Switzerland is raising the amount of capital banks must hold as a buffer to guard against mortgage writedowns as the country finds itself in the throes of its biggest property boom in two decades.
The government in Bern has agreed to the Swiss National Bank’s request to raise the buffer, to 2 percent from 1 percent of risk-weighted positions secured by residential real estate, according to a statement today. The deadline for banks to comply is June 30.
The SNB’s policy of zero interest rates has kept mortgages cheap, causing residential property prices to climb to a level last reached in 1989, shortly before a slump in values that hurt Switzerland’s economy for years. The government introduced the initial buffer in February and can boost it to as much as 2.5 percent.
“There was a further increase in imbalances on the mortgage and real estate markets,” the SNB said in a separate statement. “In an environment of persistently low interest rates, coupled with banks’ continued appetite for risk, the danger that imbalances will build up even more unless additional countermeasures are taken is considerable.”
The increase of the buffer aims at making mortgage-lending less attractive, SNB President Thomas Jordan told Swiss public broadcaster SRF in Davos today.
The buffer will most affect Raiffeisen Schweiz and cantonal and regional lenders, according to Andreas Venditti, an analyst at Vontobel in Zurich. He sees “no major impact” on UBS AG and Credit Suisse Group AG, he said in a note to customers.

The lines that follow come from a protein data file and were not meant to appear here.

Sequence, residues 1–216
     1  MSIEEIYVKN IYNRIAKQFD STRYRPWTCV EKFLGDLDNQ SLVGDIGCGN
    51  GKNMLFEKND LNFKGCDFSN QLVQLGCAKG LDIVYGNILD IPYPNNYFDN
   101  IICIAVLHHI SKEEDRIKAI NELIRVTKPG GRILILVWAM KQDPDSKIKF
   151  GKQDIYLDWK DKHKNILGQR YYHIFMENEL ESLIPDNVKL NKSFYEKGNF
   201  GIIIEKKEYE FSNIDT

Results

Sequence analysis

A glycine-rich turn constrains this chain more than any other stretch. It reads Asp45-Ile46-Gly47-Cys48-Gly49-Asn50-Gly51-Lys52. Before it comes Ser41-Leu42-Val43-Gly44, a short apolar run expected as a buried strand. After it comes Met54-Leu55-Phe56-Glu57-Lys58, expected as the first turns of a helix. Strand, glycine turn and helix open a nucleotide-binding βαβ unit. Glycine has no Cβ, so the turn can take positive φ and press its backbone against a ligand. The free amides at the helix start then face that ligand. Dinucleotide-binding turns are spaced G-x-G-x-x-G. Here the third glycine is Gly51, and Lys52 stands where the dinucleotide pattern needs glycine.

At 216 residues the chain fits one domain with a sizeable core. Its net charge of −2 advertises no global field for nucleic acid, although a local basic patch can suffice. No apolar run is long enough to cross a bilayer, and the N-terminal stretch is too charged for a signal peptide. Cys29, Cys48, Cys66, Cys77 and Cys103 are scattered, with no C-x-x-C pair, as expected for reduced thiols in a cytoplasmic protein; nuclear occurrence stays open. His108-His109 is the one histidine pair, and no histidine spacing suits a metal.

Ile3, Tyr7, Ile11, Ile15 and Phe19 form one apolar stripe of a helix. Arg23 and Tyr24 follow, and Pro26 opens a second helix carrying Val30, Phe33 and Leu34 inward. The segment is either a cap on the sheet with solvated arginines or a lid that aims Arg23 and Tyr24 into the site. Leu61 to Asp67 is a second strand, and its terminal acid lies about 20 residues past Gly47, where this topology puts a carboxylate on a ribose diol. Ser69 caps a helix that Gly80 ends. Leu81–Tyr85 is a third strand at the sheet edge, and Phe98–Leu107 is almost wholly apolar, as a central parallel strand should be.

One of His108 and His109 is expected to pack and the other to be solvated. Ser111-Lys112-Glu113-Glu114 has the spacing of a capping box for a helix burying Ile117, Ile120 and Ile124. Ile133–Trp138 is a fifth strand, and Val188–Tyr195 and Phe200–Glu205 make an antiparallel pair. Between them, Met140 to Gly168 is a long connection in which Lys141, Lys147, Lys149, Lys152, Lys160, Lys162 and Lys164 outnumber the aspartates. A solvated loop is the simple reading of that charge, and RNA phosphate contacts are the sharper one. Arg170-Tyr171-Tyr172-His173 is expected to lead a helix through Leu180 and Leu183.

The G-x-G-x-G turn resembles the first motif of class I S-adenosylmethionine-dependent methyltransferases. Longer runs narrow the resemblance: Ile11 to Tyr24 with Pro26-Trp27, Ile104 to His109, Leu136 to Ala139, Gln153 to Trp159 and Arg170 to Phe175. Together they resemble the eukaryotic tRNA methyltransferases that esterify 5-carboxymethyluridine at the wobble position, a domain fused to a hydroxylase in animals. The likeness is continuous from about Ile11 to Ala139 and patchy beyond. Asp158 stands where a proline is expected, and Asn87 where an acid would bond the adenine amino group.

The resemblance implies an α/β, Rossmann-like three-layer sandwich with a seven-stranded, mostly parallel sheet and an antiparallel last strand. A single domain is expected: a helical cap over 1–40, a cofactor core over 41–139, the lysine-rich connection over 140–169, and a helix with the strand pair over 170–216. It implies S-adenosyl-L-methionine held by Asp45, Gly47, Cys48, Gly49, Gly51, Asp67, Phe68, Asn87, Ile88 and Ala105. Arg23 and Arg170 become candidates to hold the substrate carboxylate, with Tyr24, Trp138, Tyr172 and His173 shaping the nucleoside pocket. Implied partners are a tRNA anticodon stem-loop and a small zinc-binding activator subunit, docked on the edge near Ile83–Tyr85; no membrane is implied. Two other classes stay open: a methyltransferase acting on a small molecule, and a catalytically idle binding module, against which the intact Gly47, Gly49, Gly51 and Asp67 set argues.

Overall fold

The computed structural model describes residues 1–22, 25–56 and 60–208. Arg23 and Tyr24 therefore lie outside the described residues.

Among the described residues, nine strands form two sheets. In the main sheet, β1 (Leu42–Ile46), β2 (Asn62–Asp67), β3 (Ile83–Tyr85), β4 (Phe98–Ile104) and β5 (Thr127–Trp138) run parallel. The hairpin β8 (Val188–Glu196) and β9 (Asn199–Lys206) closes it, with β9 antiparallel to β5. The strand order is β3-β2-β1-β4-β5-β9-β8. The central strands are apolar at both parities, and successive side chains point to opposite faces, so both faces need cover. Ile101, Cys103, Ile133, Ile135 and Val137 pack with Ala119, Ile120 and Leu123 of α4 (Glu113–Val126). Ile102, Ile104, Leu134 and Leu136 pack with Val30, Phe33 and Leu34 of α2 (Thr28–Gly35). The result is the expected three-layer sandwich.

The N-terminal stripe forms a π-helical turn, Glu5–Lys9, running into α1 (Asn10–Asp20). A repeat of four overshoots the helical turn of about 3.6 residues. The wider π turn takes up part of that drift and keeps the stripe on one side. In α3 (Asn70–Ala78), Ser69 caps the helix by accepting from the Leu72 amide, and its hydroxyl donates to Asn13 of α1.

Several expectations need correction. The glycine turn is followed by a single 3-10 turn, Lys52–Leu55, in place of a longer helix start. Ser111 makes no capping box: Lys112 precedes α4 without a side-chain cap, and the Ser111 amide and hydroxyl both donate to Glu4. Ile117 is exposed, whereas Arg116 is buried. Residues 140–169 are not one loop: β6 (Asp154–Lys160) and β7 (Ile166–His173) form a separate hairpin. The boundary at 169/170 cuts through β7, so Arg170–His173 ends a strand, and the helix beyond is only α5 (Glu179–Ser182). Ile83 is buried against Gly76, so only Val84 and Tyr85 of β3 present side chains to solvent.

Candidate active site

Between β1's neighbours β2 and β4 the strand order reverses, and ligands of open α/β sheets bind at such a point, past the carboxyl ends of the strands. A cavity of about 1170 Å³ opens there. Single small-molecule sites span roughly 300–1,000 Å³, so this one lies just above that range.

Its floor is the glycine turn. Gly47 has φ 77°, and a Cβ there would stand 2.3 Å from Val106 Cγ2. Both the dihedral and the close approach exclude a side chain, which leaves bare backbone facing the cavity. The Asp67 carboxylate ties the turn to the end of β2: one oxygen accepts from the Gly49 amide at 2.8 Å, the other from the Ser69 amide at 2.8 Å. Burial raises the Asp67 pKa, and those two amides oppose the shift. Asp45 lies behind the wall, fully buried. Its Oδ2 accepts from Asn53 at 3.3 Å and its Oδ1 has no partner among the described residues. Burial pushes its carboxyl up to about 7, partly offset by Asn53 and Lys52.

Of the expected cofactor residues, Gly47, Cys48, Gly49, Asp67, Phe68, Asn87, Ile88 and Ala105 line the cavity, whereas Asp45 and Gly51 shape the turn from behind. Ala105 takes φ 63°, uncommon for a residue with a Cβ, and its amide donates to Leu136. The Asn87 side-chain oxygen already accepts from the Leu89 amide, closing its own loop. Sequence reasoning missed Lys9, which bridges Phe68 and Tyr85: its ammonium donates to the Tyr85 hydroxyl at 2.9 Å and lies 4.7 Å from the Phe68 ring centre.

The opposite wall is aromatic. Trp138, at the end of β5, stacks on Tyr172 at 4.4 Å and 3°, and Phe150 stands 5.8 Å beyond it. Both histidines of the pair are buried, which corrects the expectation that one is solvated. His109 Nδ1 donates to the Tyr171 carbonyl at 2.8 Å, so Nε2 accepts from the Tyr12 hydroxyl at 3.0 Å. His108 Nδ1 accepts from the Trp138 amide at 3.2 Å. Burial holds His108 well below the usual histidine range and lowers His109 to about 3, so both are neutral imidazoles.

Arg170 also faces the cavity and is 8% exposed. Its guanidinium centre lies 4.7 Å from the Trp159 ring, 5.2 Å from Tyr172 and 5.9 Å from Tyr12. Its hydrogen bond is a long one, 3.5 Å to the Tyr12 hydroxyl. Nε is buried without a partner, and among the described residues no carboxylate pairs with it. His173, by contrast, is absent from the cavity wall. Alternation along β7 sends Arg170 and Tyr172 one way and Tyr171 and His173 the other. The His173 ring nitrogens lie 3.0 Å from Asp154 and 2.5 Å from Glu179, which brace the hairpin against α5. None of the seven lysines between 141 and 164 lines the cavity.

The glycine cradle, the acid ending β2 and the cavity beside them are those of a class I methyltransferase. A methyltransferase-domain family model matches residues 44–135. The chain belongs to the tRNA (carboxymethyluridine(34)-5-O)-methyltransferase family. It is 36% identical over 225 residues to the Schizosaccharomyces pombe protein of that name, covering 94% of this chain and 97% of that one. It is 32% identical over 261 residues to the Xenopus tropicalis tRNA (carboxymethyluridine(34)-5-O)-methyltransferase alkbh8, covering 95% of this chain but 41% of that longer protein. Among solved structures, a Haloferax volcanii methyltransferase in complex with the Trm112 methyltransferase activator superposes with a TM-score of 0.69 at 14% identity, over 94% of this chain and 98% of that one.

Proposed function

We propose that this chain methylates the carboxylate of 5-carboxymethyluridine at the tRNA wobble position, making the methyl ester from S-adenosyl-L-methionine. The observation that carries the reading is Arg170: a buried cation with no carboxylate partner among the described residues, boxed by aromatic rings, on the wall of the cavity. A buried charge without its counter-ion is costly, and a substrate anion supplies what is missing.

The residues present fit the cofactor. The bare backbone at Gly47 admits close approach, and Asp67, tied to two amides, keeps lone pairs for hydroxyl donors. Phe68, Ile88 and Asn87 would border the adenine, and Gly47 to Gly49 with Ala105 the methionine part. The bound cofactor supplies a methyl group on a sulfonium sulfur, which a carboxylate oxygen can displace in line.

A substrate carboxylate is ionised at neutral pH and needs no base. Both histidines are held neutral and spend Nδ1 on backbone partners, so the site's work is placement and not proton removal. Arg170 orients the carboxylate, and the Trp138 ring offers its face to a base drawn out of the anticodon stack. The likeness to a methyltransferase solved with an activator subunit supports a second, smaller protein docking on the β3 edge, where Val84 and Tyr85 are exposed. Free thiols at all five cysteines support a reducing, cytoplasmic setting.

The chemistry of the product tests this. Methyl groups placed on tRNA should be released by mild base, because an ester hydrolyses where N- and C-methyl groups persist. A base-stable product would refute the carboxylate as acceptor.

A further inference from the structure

Raiffeisen “already fulfills these new requirements,” Franz Wuerth, a spokesman for the St. Gallen-based bank, said by telephone. Raiffeisen has granted 140 billion francs ($155 billion) in mortgages and about 75 percent are with private customers, he said. “Mortgages are still our core business and we will continue to seek growth there,” Wuerth said
Zuercher Kantonalbank, the country’s largest state-owned regional bank, also won’t restrict its “already cautious” mortgage policy, according to a statement from the Zurich-based company. The buffer will increase ZKB’s capital requirements by about 0.4 percent, or 250 million francs, it said. The bank had 69 billion francs in mortgage liabilities at the end of June.
The Swiss Bankers Association said it’s disappointed by today’s decision to increase the buffer.
“The SBA remains convinced that this is not an effective means of controlling property prices: among other considerations, its impact is much too broad and it has not been tested in reality,” lobby group said in a statement.
The decision will increase mortgage interest rates and in turn housing costs, the Swiss association of house owners said in a statement. The organization said that while it understood the need for the measure, it found it regrettable.
Swiss mortgage lending has grown at a faster pace than the economy. Since 2008, mortgages outstanding to Swiss private households have increased 25 percent and apartment prices have risen 27 percent.
Today’s measure was predicted by Bloomberg’s monthly economic survey published earlier this week, in which 71 percent of economists expected the buffer to be raised, and more than half of those predicted an increase before the end of March. The median estimate was for the measure to be boosted to 2 percent.
At its most recent policy review, in December, SNB President Thomas Jordan implied further steps might be imminent. “We recognize that at the moment, the dynamic on the mortgage market hasn’t been tempered enough yet,” he said.